9-11 At this time, Jesus came from Nazareth in Galilee and was baptized by John in the Jordan. The moment he came out of the water, he saw the sky split open and God’s Spirit, looking like a dove, come down on him. Along with the Spirit, a voice: “You are my Son, chosen and marked by my love, pride of my life.” (Mark 1: 4-11)

His baptism will change you from the inside out, the work of the Holy Spirit will be with you and in you. This hope is available to us today every time we choose to turn to God, admit our need and receive not only the gift of grace in forgiveness, abut also the gift of the Holy Spirit to be that living hope within us.

How we need that in these days, days when we are dealing with so much change, news that can be difficult to absorb, and for many of us prolonged separation from our loved ones. We can seek hope within, the work of the divine comforter, equipper and empowerer. When we don’t know where to turn we can turn to prayer, if it is as simple as saying help.

There is a wonderful prayer in the Wee Worship book from the Iona Community that simply says this:

In you gracious God, the widowed find a carer, the orphaned find a parent, the fearful find a friend.

In you, the wounded find a healer, the penitent find a pardoner, the burdened find a counsellor.

In you the miserly find a beggar, the despondent find a laughter maker, the legalists fond a rule breaker.

In you Jesus Christ, we meet our maker, and out match.

And if some need to say “Help me”, and if some need to say “Save me”, and if some need to say “Hold me” and if some need to say “Forgive me”, then let these be said now in confidence by us.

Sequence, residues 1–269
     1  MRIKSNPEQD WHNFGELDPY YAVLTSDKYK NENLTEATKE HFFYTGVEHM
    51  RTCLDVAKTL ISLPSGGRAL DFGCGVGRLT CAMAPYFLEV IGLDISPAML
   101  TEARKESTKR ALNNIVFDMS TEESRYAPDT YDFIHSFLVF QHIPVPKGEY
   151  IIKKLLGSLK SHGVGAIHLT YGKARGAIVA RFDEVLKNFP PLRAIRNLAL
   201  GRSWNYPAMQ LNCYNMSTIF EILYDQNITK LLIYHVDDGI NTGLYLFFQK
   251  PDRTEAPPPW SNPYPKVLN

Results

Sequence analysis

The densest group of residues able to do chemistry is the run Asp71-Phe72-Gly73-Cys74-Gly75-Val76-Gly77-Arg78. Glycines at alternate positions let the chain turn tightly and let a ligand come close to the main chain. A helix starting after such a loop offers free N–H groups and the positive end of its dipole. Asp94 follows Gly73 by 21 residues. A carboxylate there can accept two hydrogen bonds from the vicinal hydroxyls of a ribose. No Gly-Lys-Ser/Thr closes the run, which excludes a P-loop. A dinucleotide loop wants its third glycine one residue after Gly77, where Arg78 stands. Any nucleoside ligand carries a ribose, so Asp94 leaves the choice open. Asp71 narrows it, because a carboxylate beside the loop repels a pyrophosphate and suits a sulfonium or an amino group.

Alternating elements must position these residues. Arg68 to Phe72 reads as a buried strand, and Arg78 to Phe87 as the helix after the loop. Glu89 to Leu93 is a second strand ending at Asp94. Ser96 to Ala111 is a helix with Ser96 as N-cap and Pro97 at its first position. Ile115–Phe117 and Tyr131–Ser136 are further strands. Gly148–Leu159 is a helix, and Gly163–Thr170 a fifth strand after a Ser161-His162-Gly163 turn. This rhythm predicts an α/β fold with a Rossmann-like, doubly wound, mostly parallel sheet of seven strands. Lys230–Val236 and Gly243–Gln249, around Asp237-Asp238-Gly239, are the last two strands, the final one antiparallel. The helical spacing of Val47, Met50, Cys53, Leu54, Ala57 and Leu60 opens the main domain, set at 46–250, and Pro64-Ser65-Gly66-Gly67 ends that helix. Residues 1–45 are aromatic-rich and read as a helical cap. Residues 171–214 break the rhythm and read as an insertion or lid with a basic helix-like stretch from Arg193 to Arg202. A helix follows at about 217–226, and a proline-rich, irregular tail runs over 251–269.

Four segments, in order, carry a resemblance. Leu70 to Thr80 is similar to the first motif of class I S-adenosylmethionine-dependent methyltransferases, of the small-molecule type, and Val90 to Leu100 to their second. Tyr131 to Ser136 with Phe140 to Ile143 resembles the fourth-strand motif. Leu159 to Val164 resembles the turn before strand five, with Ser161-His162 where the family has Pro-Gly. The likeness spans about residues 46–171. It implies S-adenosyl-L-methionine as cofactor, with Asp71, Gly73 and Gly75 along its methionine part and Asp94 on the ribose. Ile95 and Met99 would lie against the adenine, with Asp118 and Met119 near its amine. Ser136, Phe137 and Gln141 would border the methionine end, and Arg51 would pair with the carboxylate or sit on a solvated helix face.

Amen

I encourage you to take a moment to think about what it is that you need, what it is that you need in order that you might live out living hope and bless others, and to pray for that now, in confidence that your prayer will be answered.

I leave you with the words of a hymn:

Holy Spirit, we welcome you
Holy Spirit, we welcome you

Move amongst us with holy fire
as we lay aside all earthly desire
hands reach out and hearts aspire
holy spirit, holy spirit, holy spirit, we welcome you

Holy Spirit, we welcome you
Holy Spirit, we welcome you

Let the breeze of your presence blow,
that your children here might truly know
how to move in the spirit’s flow.
holy spirit, holy spirit, holy spirit, we welcome you

Please accomplish in me today
some new work of loving grace i pray
unreservedly have your way
Holy Spirit Holy Spirit Holy Spirit we welcome you

May you know the deep blessing of hope in Christ. As always if anyone would like to talk please don’t hesitate to call. You remain in my prayers.

Reverend Sally Coleman

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About Sally C

How do I describe myself, I am not what I do, (I am a Methodist Minister), I am not who I am related to (I have 5 wonderful children, 2 lovely granddaughters and a grandson). I am a seeker truth, a partaker of life in all it's fullness and a follower, sometimes stumbling, sometimes celebrating of the Christian pathway. I seek wholeness, joy and a connectedness to all things through a deep reconciliation with the God whose love blows my socks off!